Now you, oh wickedly smart IT guy, can look at your budget and weigh the value and risks of every operation and determine where your limited funds should be spent—in other words, how to get the biggest bang for your IT buck.

After such an analysis you may find that the expected upside from new development projects is less valuable than, say, improving storage reliability.

The problem is that this approach requires a willingness to allocate resources strategically; that in turn means you will knowingly neglect investing in the low-value areas of your network should disaster strike.

As I suggested earlier, this leads to some interesting political issues, because in most organizations, power, the driving force of politics, is vested in the groups and individuals perceived as being the most influential, a perception that usually has less to do with budget size or revenue potential than with who controls the flow of information.

Who really controls the flow of information? You do! As I’ve been telling audiences at a series of events on identity management I've been involved with, we are the masters of the universe because there is no such thing as business without IT. There's nothing happening without IT providing the motive power.

So, here's the thing: You, my friend, are going to meet some serious political resistance when you tell the manager of widget production that—as much as you would like to specify, identify, implement, configure and run his crucially needed restroom-cleaning management system—there isn't enough money to do that. When you tell him that upgrading the stock-management system—which, if it fails could bring the company to its financial knees -- is more strategic than his project, he probably won't be happy and he'll flex his political muscle.

How are you going to respond? The worst thing you can do is to present a logical, dispassionate analysis based on facts and your years of experience—typically when power politics are involved, it is isn't the cool, rational argument that wins but he who masters the sound bite.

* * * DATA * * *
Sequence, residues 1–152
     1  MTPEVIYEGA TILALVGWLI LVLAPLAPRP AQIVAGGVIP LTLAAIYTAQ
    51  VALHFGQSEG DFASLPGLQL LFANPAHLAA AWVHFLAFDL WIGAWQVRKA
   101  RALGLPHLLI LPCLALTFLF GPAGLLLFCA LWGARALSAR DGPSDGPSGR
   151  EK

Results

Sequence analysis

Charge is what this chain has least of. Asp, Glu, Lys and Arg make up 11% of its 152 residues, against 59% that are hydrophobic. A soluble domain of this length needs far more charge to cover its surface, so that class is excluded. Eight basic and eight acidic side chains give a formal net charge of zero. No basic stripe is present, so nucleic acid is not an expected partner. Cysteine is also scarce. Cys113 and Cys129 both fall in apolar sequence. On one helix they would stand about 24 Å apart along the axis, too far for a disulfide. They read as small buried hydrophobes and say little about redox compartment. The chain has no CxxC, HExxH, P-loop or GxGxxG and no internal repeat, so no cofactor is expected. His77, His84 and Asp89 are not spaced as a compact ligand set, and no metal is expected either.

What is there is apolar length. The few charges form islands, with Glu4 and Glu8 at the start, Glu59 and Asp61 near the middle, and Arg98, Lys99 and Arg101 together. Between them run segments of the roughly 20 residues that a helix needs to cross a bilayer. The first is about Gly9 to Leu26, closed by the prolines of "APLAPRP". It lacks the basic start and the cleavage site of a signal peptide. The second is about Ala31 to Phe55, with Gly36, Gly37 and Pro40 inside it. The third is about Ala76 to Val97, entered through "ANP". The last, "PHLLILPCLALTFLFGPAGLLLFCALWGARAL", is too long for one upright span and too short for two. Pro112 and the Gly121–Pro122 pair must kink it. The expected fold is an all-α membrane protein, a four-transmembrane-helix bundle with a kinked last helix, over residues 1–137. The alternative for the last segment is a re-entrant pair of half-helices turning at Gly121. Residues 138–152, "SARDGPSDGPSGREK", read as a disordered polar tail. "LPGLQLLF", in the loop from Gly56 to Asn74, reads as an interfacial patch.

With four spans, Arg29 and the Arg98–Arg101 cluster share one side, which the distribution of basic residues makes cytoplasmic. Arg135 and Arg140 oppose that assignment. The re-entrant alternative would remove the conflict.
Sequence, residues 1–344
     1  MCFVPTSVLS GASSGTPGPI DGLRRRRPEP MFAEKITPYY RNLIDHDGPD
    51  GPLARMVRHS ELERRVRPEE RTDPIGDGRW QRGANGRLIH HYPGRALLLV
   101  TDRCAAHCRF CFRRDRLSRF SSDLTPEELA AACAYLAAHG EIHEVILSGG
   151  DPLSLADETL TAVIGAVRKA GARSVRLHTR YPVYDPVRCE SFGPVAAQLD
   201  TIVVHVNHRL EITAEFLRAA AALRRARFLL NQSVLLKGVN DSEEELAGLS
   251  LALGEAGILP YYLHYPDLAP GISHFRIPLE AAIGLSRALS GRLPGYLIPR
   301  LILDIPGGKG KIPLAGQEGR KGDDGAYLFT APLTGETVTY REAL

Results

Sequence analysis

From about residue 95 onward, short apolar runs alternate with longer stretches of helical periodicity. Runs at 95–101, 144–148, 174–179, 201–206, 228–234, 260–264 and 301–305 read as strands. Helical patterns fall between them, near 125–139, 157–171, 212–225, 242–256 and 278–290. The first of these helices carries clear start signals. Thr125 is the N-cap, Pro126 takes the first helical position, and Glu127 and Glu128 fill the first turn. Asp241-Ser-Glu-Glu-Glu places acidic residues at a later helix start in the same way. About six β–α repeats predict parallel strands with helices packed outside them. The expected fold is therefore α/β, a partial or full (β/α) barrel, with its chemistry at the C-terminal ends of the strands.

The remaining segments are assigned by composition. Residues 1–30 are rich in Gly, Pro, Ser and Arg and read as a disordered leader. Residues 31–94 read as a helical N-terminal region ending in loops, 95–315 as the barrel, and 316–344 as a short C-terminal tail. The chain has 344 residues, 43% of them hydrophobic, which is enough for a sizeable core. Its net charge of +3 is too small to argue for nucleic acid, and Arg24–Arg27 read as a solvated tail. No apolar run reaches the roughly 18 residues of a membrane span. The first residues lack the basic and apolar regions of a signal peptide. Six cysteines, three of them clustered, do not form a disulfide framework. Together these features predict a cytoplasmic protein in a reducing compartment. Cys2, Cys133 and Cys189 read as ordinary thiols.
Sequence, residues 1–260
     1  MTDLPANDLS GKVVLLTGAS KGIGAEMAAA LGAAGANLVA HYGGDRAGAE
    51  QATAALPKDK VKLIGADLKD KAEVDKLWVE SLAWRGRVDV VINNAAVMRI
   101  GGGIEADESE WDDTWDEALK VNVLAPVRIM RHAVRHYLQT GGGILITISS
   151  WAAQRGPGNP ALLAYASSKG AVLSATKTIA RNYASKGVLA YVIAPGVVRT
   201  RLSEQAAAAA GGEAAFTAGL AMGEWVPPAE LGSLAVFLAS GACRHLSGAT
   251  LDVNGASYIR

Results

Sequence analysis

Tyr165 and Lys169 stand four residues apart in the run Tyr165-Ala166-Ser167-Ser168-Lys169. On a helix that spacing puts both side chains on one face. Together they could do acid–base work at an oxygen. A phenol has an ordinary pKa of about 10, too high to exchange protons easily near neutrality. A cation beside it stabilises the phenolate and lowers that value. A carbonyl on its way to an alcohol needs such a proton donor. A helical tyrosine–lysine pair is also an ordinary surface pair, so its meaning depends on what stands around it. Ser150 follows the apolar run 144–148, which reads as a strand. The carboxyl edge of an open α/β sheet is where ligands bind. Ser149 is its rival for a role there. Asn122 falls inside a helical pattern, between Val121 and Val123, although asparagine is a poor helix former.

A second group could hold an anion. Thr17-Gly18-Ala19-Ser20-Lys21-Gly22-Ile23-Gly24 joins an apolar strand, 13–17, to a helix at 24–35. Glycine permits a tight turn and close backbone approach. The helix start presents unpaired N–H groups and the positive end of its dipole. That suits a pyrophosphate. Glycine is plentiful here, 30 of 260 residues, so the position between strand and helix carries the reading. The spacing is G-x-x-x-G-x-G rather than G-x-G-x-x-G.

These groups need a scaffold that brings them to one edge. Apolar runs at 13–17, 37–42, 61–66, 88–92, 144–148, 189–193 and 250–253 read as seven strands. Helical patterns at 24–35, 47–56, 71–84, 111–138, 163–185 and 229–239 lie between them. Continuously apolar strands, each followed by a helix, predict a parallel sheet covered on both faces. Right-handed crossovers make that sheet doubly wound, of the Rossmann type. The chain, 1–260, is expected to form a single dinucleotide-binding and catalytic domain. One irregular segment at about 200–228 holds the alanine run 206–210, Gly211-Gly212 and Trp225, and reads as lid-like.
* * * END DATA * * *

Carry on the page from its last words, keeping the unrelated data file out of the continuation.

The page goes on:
So, you, O master of the universe, need to consolidate your position preemptively. If you fail to communicate your strategic vision when the heat is off, there's little chance for you to own the sound bite when political push comes to shove you.

You understand the IT needs of the organization, so you need to develop a clear, simply argued road map that allows you to allocate your budget according to strategic need rather than tactical want. Your job is to get the greatest bang for your IT budget buck. That means that you need to make decisions with the cooperation of the business units singly and collectively while the heat is off.

The beauty of building this kind of support before a political crisis is that you already will have gotten everyone to buy into the vision. So, when the tough decisions have to be made -- say, spending a shrinking budget on addressing the risk to the integrity of stock control before investing in marketing's petty-cash management system -- everyone already gets it and can nod sagely and agree that the strategic vision—your vision—is the way to go.

What you will have really done is to have evaluated the risk to IT's power and invested in defense before being attacked. Now that's what I call strategic risk management.

 


 

Used with permission of Network World. Copyright© 2008. All rights reserved.

Additional Resources: Original article. Additional columns by Mark Gibbs on Network World.